CSU research project aims to construct waterless toilets for developing countries

MGabriel Matt

For billions of people across the globe, sanitation systems haven’t been updated in hundreds of years.

That’s why the Research Triangle Institute approached CSU’s Engines and Energy Conversion Laboratory, or EECL, to become one of the teams involved in the challenge to build a waterless toilet for regions lacking sanitation. This research is sponsored by the Bill and Melinda Gates Foundation.


In theory the final product would burn solid and liquid waste, and then convert the remaining product into energy.

“From a design standpoint it’s a really unique design challenge,” Morgan DeFoort Co-Director of the Engines and Energy Conversion Lab said.

The research is set to last 15 months. If progress goes well there is a good chance another 15 months of research will be commissioned to finish the model.

“If the technology works it’ll go all the way to commercialization,” DeFoort said.

Creating a cost effective and clean way to get rid of human waste in developing countries that don’t possess sewers or water treatment plants could improve the lives of billions of people in these areas.

In some places, sanitation hasn’t evolved since the middle ages.

“Sanitation systems were non-existent; you threw it in the street,” CSU History Professor Barbara Smith said about sanitation in the middle ages.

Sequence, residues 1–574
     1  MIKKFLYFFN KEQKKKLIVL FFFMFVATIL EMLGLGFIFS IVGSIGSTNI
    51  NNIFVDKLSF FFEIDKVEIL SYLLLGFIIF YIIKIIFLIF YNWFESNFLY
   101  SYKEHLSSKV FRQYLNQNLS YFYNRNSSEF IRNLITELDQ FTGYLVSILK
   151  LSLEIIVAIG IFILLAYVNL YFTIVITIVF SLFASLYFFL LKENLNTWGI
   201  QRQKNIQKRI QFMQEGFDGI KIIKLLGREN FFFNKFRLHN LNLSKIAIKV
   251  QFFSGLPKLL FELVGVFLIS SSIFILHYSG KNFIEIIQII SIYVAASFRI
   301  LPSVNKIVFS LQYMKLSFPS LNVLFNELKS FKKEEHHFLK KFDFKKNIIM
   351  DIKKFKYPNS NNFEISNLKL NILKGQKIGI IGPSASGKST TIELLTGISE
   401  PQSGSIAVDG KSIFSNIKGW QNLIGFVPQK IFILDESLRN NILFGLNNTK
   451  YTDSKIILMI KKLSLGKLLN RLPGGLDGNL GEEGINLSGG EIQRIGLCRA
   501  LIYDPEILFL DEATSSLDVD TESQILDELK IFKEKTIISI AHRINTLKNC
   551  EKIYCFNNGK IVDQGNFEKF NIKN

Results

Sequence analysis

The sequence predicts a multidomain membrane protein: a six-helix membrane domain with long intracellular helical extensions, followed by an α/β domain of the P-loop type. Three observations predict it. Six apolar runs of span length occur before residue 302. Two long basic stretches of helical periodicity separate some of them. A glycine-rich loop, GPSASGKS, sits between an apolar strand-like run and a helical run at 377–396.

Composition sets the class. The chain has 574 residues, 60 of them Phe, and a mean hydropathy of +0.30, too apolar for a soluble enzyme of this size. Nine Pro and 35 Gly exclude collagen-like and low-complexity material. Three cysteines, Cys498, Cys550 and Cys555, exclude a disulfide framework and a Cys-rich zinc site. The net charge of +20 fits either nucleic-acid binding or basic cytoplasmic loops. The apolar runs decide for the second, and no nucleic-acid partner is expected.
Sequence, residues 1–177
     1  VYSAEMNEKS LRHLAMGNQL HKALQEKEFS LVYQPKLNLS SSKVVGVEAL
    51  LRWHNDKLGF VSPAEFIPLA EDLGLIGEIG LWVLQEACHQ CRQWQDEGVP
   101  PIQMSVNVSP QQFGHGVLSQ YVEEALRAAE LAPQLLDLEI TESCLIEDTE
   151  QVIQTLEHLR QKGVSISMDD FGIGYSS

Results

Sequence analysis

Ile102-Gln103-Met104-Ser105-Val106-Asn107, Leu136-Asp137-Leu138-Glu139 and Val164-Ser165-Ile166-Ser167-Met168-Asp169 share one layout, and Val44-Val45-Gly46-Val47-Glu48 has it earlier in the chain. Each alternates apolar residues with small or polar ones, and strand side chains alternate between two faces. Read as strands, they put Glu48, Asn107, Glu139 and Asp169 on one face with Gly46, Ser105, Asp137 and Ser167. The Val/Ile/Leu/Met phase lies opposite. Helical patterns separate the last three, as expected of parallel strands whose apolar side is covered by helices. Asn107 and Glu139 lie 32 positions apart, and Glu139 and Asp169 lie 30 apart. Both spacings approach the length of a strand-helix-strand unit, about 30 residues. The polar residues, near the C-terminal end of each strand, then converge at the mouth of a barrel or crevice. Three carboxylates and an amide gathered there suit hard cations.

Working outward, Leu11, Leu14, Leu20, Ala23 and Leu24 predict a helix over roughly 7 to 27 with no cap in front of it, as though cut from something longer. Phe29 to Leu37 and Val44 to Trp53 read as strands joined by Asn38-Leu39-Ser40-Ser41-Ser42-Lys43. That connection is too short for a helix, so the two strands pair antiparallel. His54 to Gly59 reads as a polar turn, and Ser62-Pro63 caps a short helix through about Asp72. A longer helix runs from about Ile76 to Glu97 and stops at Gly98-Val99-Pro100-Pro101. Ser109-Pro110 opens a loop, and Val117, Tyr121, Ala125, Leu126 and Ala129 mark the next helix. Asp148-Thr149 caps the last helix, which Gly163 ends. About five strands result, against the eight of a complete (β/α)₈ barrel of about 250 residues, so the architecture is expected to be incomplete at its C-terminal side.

Of course more improvements than fancy new toilets will be needed to help improve these regions of the world. Even if this research turns out to be feasible, the toilets have to be deployed, the already damaged ecosystems will need repair and there will still be serious problems outside of sanitation.

“You could see a product ultimately coming out that would have a big impact on human health throughout the world,” DeFoort said.

The EECL continues its humanitarian research into improving these poverty stricken countries with this project. RTI International approached CSU’s EECL for their experience in improving biomass cook stoves, which are antiquated stoves powered by wood or other organic material that are used in developing areas.


“RTI asked us to be on the team,” DeFoort said.

The Gates Foundation’s website doesn’t show any money given to CSU in grants for the project yet. There was however a grant given to RTI for $250,062 in August of this year for an unspecified project in the same genre as the waterless toilet. It is unclear if this award was shared or just for RTI but CSU is about one-third of the team.

DeFoort and five researchers, both faculty and students, will use any funding that does come into the university. Those who do take part in the project will learn about realistic engineering issues teams face in development.

“(It’s) very cost constrained, very consumer oriented, and so understanding the customer needs and designing for solutions that are low cost and scalable is a great benefit to the students,” DeFoort said.

Collegian Writer Matt Gabriel can be reached at news@collegian.com.